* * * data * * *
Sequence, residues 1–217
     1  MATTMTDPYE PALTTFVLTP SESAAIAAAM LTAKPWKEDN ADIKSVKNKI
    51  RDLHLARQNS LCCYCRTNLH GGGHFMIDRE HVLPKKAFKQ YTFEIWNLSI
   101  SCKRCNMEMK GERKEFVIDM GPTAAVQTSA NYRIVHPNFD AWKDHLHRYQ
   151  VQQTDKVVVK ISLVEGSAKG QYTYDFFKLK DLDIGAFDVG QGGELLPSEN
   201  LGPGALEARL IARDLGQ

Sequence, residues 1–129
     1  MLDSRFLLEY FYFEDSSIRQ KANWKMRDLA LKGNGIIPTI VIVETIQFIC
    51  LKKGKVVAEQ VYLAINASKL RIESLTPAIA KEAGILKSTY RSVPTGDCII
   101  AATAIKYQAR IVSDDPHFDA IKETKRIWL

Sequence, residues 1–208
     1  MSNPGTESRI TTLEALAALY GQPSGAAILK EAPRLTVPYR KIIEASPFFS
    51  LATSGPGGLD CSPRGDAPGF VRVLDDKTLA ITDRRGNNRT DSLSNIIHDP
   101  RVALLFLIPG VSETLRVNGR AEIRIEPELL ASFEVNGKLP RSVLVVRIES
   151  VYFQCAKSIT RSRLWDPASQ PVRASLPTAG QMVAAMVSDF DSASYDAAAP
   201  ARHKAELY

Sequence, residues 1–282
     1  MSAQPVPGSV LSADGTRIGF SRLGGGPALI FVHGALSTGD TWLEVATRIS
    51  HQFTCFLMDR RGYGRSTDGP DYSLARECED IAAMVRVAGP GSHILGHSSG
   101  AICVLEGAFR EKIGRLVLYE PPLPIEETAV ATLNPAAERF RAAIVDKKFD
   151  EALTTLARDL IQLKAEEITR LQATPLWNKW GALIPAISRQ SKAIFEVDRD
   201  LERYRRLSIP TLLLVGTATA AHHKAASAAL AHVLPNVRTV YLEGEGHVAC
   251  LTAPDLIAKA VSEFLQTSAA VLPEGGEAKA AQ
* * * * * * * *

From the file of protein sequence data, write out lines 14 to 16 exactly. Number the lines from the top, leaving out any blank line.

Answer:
   101  RVALLFLIPG VSETLRVNGR AEIRIEPELL ASFEVNGKLP RSVLVVRIES
   151  VYFQCAKSIT RSRLWDPASQ PVRASLPTAG QMVAAMVSDF DSASYDAAAP
   201  ARHKAELY